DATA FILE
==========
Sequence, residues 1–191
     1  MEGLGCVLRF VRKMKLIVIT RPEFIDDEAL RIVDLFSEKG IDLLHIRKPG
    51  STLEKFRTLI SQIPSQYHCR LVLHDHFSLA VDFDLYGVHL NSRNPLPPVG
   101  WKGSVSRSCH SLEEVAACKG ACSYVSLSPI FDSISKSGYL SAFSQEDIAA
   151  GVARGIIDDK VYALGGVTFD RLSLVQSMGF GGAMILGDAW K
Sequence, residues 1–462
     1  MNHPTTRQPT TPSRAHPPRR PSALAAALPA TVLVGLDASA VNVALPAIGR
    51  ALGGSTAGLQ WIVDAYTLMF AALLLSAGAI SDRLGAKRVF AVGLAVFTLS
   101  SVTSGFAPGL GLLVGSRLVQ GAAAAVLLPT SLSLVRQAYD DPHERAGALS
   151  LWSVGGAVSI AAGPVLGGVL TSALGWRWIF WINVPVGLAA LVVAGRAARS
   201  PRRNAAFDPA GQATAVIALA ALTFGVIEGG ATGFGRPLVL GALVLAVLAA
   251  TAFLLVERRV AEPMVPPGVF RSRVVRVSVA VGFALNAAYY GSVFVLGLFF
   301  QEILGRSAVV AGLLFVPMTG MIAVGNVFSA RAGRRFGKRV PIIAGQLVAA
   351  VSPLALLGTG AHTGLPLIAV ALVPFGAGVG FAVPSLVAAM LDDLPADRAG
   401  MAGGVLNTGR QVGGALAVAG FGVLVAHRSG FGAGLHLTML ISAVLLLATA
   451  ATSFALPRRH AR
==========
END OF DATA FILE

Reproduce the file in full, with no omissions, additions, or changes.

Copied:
Sequence, residues 1–191
     1  MEGLGCVLRF VRKMKLIVIT RPEFIDDEAL RIVDLFSEKG IDLLHIRKPG
    51  STLEKFRTLI SQIPSQYHCR LVLHDHFSLA VDFDLYGVHL NSRNPLPPVG
   101  WKGSVSRSCH SLEEVAACKG ACSYVSLSPI FDSISKSGYL SAFSQEDIAA
   151  GVARGIIDDK VYALGGVTFD RLSLVQSMGF GGAMILGDAW K
Sequence, residues 1–462
     1  MNHPTTRQPT TPSRAHPPRR PSALAAALPA TVLVGLDASA VNVALPAIGR
    51  ALGGSTAGLQ WIVDAYTLMF AALLLSAGAI SDRLGAKRVF AVGLAVFTLS
   101  SVTSGFAPGL GLLVGSRLVQ GAAAAVLLPT SLSLVRQAYD DPHERAGALS
   151  LWSVGGAVSI AAGPVLGGVL TSALGWRWIF WINVPVGLAA LVVAGRAARS
   201  PRRNAAFDPA GQATAVIALA ALTFGVIEGG ATGFGRPLVL GALVLAVLAA
   251  TAFLLVERRV AEPMVPPGVF RSRVVRVSVA VGFALNAAYY GSVFVLGLFF
   301  QEILGRSAVV AGLLFVPMTG MIAVGNVFSA RAGRRFGKRV PIIAGQLVAA
   351  VSPLALLGTG AHTGLPLIAV ALVPFGAGVG FAVPSLVAAM LDDLPADRAG
   401  MAGGVLNTGR QVGGALAVAG FGVLVAHRSG FGAGLHLTML ISAVLLLATA
   451  ATSFALPRRH AR